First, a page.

Classification of Bacteria 

The Bergey’s Manual of Determinative Bacteriology published by Williams and  Wilkins Co. Baltimore, U.S.A. (1974), is the international standard for bacterial taxonomy. It deals with the classification of bacteria (19 parts) and contains descriptions of all species known at the time of its publication. 

Bergey’s manual was revised between 1984 and 1989 and appeared in four volumes with a new name Bergey’s Manual of Systematic Bacteriology. In these four volumes, bacteria have been classified into 33 sections based on morphological and biochemical characteristics.  Bacterial groups are divided into four volumes. 

  • Gram-negative bacteria (1984) of general, medical, and industrial importance. 
  • Gram-positive bacteria (1986) other than actinomycetes. 
  • Gram-negative bacteria (1989) with distinctive properties, cyanobacteria, and archaeobacteria.
  • Actinomycetes (1989) as Gram-positive filamentous bacteria.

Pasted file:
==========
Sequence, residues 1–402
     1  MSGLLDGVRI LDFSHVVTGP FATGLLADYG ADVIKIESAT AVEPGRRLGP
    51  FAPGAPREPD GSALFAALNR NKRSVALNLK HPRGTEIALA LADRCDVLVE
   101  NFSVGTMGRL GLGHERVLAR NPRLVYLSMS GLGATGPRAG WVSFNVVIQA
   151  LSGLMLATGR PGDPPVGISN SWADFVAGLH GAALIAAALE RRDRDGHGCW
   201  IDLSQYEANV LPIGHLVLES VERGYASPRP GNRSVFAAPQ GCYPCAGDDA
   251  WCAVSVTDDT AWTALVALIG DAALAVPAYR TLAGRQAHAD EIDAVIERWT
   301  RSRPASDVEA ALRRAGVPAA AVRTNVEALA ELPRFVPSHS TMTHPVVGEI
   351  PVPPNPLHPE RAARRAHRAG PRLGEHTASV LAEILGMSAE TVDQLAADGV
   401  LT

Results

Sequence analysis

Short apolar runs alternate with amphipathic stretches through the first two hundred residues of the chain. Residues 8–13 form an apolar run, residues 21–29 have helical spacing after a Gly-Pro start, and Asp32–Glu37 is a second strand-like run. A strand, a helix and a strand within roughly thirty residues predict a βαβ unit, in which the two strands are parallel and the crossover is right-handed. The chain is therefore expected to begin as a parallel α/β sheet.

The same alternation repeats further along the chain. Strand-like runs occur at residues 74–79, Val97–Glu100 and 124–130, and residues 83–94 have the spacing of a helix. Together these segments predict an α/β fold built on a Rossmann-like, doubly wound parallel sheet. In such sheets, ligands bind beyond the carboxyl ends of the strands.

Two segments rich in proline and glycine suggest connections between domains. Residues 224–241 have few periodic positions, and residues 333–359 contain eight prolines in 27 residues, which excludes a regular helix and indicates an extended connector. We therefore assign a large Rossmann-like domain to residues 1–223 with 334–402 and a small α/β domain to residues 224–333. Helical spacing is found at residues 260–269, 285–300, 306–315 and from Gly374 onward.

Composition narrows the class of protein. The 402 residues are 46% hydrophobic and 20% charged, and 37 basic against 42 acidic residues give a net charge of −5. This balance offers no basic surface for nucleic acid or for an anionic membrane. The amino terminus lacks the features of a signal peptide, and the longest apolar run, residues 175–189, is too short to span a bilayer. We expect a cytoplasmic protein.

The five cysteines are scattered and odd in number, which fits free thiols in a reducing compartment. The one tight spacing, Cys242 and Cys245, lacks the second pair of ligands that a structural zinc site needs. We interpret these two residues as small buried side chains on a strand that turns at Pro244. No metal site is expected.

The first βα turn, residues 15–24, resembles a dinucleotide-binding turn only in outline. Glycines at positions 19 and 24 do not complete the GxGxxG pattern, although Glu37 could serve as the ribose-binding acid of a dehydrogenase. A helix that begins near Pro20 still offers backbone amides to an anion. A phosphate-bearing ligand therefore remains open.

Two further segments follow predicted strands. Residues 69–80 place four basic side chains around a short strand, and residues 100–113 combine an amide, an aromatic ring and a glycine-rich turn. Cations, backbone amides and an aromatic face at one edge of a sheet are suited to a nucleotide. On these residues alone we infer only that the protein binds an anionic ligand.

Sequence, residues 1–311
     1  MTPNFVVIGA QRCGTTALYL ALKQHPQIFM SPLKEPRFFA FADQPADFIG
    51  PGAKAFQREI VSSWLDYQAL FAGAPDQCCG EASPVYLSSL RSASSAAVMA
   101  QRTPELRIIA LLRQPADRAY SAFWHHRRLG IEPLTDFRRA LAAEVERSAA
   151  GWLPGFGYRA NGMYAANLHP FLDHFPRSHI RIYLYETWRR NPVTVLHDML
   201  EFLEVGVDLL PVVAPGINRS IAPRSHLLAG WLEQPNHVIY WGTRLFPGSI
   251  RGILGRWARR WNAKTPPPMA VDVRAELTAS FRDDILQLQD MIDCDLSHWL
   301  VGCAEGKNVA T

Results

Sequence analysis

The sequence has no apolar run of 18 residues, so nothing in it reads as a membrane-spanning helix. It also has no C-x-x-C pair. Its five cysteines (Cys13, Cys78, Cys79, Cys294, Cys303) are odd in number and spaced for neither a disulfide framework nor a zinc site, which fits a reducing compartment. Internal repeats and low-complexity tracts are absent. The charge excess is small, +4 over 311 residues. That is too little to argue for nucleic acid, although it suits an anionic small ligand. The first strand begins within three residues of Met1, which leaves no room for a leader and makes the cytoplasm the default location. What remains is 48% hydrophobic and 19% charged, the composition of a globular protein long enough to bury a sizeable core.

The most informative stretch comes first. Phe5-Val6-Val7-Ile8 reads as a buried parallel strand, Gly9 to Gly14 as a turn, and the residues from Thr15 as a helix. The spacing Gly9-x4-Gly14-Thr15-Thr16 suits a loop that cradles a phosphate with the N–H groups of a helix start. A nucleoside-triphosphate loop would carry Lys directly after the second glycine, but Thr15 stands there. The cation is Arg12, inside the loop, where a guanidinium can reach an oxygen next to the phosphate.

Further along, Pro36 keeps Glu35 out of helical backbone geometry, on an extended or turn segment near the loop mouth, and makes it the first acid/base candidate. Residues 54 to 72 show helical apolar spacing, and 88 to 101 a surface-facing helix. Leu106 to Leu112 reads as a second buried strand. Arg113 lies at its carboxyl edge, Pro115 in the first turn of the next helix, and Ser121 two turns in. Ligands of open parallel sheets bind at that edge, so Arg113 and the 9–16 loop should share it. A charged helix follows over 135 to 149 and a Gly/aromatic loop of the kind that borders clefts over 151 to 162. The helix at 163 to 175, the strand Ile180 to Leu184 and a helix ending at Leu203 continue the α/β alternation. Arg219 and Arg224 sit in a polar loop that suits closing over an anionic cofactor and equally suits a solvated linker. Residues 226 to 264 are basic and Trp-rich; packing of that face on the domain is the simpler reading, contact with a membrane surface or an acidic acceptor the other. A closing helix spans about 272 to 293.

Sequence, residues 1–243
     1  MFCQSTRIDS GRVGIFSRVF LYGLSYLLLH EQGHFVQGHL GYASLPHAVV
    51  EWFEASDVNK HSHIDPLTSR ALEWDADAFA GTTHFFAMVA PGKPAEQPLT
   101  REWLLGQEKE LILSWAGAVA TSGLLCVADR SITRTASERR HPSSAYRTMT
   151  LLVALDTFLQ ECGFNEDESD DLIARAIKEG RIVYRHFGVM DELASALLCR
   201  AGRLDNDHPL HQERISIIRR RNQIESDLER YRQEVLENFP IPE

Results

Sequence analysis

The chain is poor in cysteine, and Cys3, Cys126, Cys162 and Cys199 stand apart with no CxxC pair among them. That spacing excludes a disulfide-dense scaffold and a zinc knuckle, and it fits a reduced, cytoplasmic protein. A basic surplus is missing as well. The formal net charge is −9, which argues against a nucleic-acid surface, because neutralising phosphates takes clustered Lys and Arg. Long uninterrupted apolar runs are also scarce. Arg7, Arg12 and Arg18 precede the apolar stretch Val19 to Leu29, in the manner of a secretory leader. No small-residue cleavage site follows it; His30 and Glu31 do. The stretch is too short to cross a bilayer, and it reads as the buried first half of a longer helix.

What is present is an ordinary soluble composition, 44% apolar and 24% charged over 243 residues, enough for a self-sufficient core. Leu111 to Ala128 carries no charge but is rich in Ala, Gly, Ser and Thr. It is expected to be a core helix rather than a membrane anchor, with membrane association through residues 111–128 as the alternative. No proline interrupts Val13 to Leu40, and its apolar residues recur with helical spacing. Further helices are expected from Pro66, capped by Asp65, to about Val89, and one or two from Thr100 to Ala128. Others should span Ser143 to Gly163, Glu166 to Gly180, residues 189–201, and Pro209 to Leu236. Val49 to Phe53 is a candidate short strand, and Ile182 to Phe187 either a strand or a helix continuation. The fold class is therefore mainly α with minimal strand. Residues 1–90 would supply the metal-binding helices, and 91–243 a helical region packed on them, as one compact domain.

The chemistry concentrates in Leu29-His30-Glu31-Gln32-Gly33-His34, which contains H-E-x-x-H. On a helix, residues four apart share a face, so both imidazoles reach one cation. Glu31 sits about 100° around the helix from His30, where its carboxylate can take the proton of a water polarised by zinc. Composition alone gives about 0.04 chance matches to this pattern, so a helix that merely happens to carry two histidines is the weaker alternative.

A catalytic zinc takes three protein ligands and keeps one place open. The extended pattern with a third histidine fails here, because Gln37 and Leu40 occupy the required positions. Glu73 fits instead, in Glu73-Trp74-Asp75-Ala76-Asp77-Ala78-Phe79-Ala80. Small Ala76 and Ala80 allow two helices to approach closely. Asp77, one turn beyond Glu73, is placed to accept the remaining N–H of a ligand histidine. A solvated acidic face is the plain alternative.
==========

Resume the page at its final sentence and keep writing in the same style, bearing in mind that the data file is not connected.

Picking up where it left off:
The Bergey’s Manual of Systematic Bacteriology places all bacteria in the Kingdom  Procaryotae which in turn is divided into four divisions which are as follows: 

Kingdom Procaryotae 

Division I: Gracilicutes (Thin skin): Prokaryotes with a complex cell wall structure characteristic of Gram-negative bacteria (e.g. non-photosynthetic bacteria). 

Division II: Firmicutes (Strong skin): Prokaryotes with a cell wall structure characteristic of Gram-positive bacteria (e.g. rods, cocci, actinomycetes). 

Division III: Tenericutes (Soft or tender skin): Prokaryotes that lack a cell wall  (e.g. mycoplasma). 

Division IV: Mendosicutes (Skin with faults): Prokaryotes with unusual cell walls  (e.g. archaeobacteria).

All bacteria are classified as kingdom, division, class, order, family, tribe, genus, section,  series, species, and individual. All microorganisms have a double name, usually from Latin or  Greek stems. The name consists of the genus to which the organism belongs and a species modifier that further describes the genus name. Hence this system is called the binomial system e.g. Escherichia coli, Corynebacterium diphtheriae, etc.

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